• The report notes “[t]hat offense is codified in the federal criminal code … for public officials who (by mail or wire fraud) breach the public trust by participating in a bribery scheme.”
  • The report goes on to state that “[t]he underlying wire fraud statute, upon which the ‘honest services’ crime is based, requires a transmission by ‘wire, radio, or television communication in interstate or foreign commerce any writings . . . for the purpose of executing [a] . . . scheme or artifice.’”
  • Trump participated in a bribery scheme and utilized foreign wire communications to do so, such as by pressuring Ukrainian President Volodymyr Zelensky on their July 25 phone call.
  • The federal criminal code imposes up to 20 years’ imprisonment for honest services fraud.

Trump likely was engaged in a criminal conspiracy

  • Because of the significant evidence that Trump involved others in his efforts to commit bribery and wire fraud, he also likely was engaged in a criminal conspiracy.
  • As Randall Eliason, a professor of criminal law at George Washington University, has said, “A criminal conspiracy is two or more people agreeing to commit the crime, along with at least one of them taking at least one act in furtherance of the conspiracy.”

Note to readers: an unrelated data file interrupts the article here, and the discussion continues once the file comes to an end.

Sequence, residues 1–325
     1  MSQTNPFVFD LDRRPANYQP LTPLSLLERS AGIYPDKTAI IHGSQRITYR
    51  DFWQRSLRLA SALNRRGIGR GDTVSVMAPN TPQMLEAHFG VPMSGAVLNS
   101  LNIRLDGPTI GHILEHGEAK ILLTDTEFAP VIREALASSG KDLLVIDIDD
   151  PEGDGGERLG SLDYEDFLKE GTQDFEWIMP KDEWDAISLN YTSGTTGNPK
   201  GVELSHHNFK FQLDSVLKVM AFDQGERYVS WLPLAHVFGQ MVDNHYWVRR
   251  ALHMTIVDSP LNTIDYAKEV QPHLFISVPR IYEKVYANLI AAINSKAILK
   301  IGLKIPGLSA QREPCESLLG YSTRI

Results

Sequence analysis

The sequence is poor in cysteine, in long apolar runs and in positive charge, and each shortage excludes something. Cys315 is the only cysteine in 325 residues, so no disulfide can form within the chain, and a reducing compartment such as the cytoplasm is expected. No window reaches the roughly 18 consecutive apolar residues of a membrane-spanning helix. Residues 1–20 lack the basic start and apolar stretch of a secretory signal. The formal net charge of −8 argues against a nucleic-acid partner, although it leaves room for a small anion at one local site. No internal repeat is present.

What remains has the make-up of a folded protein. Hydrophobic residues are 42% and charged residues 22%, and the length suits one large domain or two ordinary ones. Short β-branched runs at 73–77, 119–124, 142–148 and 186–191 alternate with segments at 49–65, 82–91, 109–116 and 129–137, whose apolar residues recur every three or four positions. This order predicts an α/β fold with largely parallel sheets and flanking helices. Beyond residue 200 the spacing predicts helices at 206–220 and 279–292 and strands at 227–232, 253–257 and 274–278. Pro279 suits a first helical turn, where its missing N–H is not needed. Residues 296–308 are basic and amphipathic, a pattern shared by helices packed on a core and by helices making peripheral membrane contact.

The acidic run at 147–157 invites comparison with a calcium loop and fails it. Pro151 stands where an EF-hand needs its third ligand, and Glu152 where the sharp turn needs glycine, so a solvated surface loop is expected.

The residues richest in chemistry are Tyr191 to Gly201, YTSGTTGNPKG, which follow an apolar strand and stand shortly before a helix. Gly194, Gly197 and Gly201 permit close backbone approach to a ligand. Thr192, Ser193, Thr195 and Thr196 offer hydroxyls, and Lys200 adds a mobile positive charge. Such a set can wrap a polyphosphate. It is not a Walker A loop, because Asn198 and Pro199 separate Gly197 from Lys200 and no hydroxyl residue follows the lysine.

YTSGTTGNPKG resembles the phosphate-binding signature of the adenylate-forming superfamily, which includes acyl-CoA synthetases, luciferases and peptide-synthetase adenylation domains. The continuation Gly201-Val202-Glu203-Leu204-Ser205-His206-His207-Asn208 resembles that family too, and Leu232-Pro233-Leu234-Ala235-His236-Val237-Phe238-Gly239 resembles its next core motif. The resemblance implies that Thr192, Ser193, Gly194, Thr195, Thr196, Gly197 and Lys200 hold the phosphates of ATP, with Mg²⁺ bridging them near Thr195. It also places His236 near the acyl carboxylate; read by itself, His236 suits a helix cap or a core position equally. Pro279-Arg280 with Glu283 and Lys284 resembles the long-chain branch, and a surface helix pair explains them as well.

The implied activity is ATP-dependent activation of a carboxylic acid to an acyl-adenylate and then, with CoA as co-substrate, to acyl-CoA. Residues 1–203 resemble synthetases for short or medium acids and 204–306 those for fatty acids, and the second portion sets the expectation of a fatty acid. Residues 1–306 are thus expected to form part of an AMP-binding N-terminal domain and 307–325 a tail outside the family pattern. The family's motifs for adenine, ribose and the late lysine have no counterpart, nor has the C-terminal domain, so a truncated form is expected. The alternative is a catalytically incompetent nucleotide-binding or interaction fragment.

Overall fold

• A former member of Trump’s legal team, Lev Parnas, alleges that after Rudy Giuliani and Trump discussed the effort to pressure Ukraine to open investigations, he was directed by Giuliani to threaten the Ukrainian government with the suspension of all U.S. aid unless they agreed to open investigations into Trump’s rivals. (Giuliani has denied Parnas’ allegations.)
  • Legal experts have noted that his allegations would amount to a criminal conspiracy.
    • Former U.S. Attorney Glenn Kirschner said, “Parnas puts Giuliani in a firsthand way in a criminal conspiracy to bribe and extort Ukraine.”
    • Randall Eliason told The Washington Post, “If it’s true that Trump instructed Giuliani to tell Parnas to convey the message that aid would be withheld unless Ukraine announced the investigations, that potentially implicates all three of them in a conspiracy to solicit a bribe … Giuliani conveying the message [to Parnas constitutes] an overt act in furtherance of a conspiracy.”

Trump broke the law by withholding military assistance from Ukraine